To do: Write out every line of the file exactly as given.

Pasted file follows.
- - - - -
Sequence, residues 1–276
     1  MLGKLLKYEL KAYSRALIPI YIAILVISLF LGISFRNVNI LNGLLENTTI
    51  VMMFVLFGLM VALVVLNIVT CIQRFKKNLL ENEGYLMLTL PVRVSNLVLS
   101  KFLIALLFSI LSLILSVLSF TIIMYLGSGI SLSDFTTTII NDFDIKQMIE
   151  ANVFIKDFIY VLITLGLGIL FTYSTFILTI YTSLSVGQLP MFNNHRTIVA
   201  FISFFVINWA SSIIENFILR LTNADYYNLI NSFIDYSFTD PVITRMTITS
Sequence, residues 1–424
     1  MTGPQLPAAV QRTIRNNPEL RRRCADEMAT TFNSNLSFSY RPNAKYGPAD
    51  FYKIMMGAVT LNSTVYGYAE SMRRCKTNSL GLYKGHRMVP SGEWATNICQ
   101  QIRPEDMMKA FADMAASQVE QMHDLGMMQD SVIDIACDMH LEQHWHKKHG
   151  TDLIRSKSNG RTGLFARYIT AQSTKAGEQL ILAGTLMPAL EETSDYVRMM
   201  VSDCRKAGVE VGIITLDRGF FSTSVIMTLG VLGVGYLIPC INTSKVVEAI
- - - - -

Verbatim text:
Sequence, residues 1–276
     1  MLGKLLKYEL KAYSRALIPI YIAILVISLF LGISFRNVNI LNGLLENTTI
    51  VMMFVLFGLM VALVVLNIVT CIQRFKKNLL ENEGYLMLTL PVRVSNLVLS
   101  KFLIALLFSI LSLILSVLSF TIIMYLGSGI SLSDFTTTII NDFDIKQMIE
   151  ANVFIKDFIY VLITLGLGIL FTYSTFILTI YTSLSVGQLP MFNNHRTIVA
   201  FISFFVINWA SSIIENFILR LTNADYYNLI NSFIDYSFTD PVITRMTITS
Sequence, residues 1–424
     1  MTGPQLPAAV QRTIRNNPEL RRRCADEMAT TFNSNLSFSY RPNAKYGPAD
    51  FYKIMMGAVT LNSTVYGYAE SMRRCKTNSL GLYKGHRMVP SGEWATNICQ
   101  QIRPEDMMKA FADMAASQVE QMHDLGMMQD SVIDIACDMH LEQHWHKKHG
   151  TDLIRSKSNG RTGLFARYIT AQSTKAGEQL ILAGTLMPAL EETSDYVRMM
   201  VSDCRKAGVE VGIITLDRGF FSTSVIMTLG VLGVGYLIPC INTSKVVEAI